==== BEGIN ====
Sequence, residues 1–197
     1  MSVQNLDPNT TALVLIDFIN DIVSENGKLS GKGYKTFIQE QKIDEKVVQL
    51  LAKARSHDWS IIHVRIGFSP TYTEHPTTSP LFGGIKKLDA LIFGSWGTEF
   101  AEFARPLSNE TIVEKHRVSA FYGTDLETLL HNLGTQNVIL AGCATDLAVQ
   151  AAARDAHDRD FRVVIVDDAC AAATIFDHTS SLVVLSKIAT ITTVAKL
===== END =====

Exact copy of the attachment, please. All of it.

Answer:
Sequence, residues 1–197
     1  MSVQNLDPNT TALVLIDFIN DIVSENGKLS GKGYKTFIQE QKIDEKVVQL
    51  LAKARSHDWS IIHVRIGFSP TYTEHPTTSP LFGGIKKLDA LIFGSWGTEF
   101  AEFARPLSNE TIVEKHRVSA FYGTDLETLL HNLGTQNVIL AGCATDLAVQ
   151  AAARDAHDRD FRVVIVDDAC AAATIFDHTS SLVVLSKIAT ITTVAKL